By Bradley A. Post, LCSW, CADC, Chapin & Russell Associates
This isn’t me—it’s OCD.
Do you have thoughts that repeat themselves over and over? Are you plagued by repetitious habits that are getting out of control? If so, you may have a problem called obsessive-compulsive disorder (OCD). Just by distinguishing constructive worries from unfounded obsessions and healthy habits from unnecessary compulsion, you can start to change! Excessive concern about doing something wrong, being sick, hurting others, looking just right, saving things, being clean, orderly, or germ-free, and preventing misfortune are common sources of obsessions and compulsions. In the face of the COVID-19 pandemic, fear of germs or contamination of the virus can intensify these symptoms for some people.
Cognitive/behavioral Therapy has become one of most effective treatment approaches for overcoming OCD. One technique clients are taught using this approach is “relabeling.” Relabeling the concerns and tiresome habits as obsessions and compulsions reduces their power and sets the stage for change. Here is an example of the technique of “Relabeling”:
I know my fear that dirt will infect me is just an obsession and that my hands aren’t actually Contaminated, Even Though I’m Compulsively Washing Them.
DISTINGUISH OCD FROM RELATED DISORDERS
OCD is easy to confuse with related disorders. Misdiagnosis can cause additional worries and delay proper treatment. Knowing what OCD is not may help you relabel what is actually troubling you and motivate you find needed treatment:
Depression can cause people to have repetitive thoughts of being bad, defective, or unworthy. Excessive feelings of guilt, self-hate, and shame are a part of depression. In more severe cases, people may seriously consider suicide. Although, people with OCD fear that they may hurt themselves, they have no desire to do so. The stress of OCD can lead to symptoms of depression: decreased energy, interest, and desire to be with people and even crying spells.
Panic disorder can cause people to have constant concern about dying, going crazy, or appearing foolish because of unnecessary concern about symptoms that result from a surge of adrenaline. When people with OCD are unable to (perform rituals that) ensure cleanliness, safety, and security, they may feel such intense anxiety that they panic.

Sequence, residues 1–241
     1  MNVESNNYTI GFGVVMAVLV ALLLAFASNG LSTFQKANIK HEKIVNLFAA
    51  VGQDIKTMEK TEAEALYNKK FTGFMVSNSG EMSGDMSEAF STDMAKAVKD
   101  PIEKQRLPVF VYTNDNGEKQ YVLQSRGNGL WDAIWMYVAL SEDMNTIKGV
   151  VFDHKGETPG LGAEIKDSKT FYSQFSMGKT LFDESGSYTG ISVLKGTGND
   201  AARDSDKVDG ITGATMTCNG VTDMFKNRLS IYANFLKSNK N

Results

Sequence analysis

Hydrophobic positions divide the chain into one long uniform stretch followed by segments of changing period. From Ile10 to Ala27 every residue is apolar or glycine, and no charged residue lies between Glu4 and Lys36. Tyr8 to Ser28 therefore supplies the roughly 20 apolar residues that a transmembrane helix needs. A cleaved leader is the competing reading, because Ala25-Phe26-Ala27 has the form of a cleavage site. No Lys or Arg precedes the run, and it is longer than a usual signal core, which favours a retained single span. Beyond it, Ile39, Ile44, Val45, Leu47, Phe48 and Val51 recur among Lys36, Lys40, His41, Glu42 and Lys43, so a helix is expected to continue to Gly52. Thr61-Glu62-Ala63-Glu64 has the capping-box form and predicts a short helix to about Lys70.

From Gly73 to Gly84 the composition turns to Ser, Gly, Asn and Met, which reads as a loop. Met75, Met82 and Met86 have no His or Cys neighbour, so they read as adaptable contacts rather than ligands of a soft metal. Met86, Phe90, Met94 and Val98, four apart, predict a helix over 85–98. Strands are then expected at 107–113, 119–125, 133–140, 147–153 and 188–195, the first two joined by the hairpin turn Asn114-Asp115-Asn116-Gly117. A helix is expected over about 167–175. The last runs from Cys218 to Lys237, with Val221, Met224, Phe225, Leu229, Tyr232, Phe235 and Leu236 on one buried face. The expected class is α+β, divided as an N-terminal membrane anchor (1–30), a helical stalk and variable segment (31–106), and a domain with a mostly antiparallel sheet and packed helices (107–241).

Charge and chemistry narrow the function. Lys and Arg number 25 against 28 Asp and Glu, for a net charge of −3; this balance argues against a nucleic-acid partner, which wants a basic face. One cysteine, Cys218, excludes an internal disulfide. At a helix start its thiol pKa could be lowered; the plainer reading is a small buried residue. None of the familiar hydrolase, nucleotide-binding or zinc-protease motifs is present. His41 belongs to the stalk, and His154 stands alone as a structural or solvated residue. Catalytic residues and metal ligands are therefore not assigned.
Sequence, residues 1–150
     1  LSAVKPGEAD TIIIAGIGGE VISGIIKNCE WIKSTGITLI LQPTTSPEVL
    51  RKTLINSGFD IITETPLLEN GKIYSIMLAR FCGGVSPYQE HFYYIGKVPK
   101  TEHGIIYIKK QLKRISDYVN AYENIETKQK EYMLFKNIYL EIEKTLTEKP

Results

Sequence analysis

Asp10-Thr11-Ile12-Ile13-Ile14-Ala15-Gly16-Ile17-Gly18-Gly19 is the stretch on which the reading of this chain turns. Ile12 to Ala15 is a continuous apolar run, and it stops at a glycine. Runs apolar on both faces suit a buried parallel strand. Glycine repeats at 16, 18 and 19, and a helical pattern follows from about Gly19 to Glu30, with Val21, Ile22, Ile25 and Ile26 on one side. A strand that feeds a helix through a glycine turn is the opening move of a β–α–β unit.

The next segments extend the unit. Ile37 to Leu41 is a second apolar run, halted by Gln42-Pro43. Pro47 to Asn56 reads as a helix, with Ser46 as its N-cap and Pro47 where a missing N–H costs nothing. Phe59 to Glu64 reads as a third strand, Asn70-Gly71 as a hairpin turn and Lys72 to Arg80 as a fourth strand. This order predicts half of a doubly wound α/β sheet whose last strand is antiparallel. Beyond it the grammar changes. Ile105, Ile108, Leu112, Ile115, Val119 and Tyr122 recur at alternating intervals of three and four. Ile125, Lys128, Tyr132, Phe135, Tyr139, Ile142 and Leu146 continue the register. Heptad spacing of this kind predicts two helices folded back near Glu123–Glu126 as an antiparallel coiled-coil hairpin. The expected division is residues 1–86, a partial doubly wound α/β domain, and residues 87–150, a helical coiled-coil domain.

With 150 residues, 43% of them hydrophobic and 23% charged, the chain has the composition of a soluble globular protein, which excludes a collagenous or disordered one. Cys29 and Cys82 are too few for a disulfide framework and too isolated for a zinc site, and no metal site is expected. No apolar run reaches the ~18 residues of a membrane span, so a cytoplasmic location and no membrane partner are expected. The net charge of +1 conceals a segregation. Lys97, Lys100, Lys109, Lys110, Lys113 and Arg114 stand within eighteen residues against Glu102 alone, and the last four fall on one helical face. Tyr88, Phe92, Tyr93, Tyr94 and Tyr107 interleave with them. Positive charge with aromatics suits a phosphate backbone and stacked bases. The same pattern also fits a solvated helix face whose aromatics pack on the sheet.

Trichotillomania causes people to repeatedly pull out their hair resulting in noticeable loss. Because low levels of the neurotransmitter serotonin may be a factor in trichotillomania, OCD, panic disorder, and depression, the same medications can reduce symptoms in each of them.
Problems with impulse control can cause people to give in to urges. Yielding to cravings to overeat, have sex, spend money, or gamble temporarily relieves stress. People with OCD strive for perfection and are constantly battling the possibility of “undesired” impulse. Rather than indulging impulses, they are often overcontrolled.
Personality disorders can cause people to act compulsively. They may clean, wash, check, or hoard unnecessarily. Instead of feeling exhausted, they feel good about their rituals or they place many demands on others. Their compulsions may help them avoid feeling worthless or having contact with others.
Neurological tics cause repetitive movements and sounds. These happen automatically and have no thought or intention associated with them. Compulsions are purposeful and attempt to relieve anxiety related to an obsessive thought. Often, people with tics also have obsessions and compulsions. In both conditions, the part of the brain that controls muscle movement and error detection may not be properly regulated. However, obsessions and compulsions can fade when they are postponed, but the “urge” to tic increases when it is delayed. Therefore, each of these problems requires different treatment approaches.
OCD has been recognized as a prevalent problem. Health authorities have been shocked in recent years to learn that approximately 2.4 million Americans suffer from OCD and related disorders. Treatment approaches that involve a combination of Cognitive/Behavioral Therapy and EEG Biofeedback using neurotherapy interventions have been found to be very effective. If you or someone you know suffers with obsessions and/or compulsions, there are effective interventions available.
Call Chapin & Russell Associates at (309) 681-5850 for more information on the proper diagnosis and treatment of this condition.
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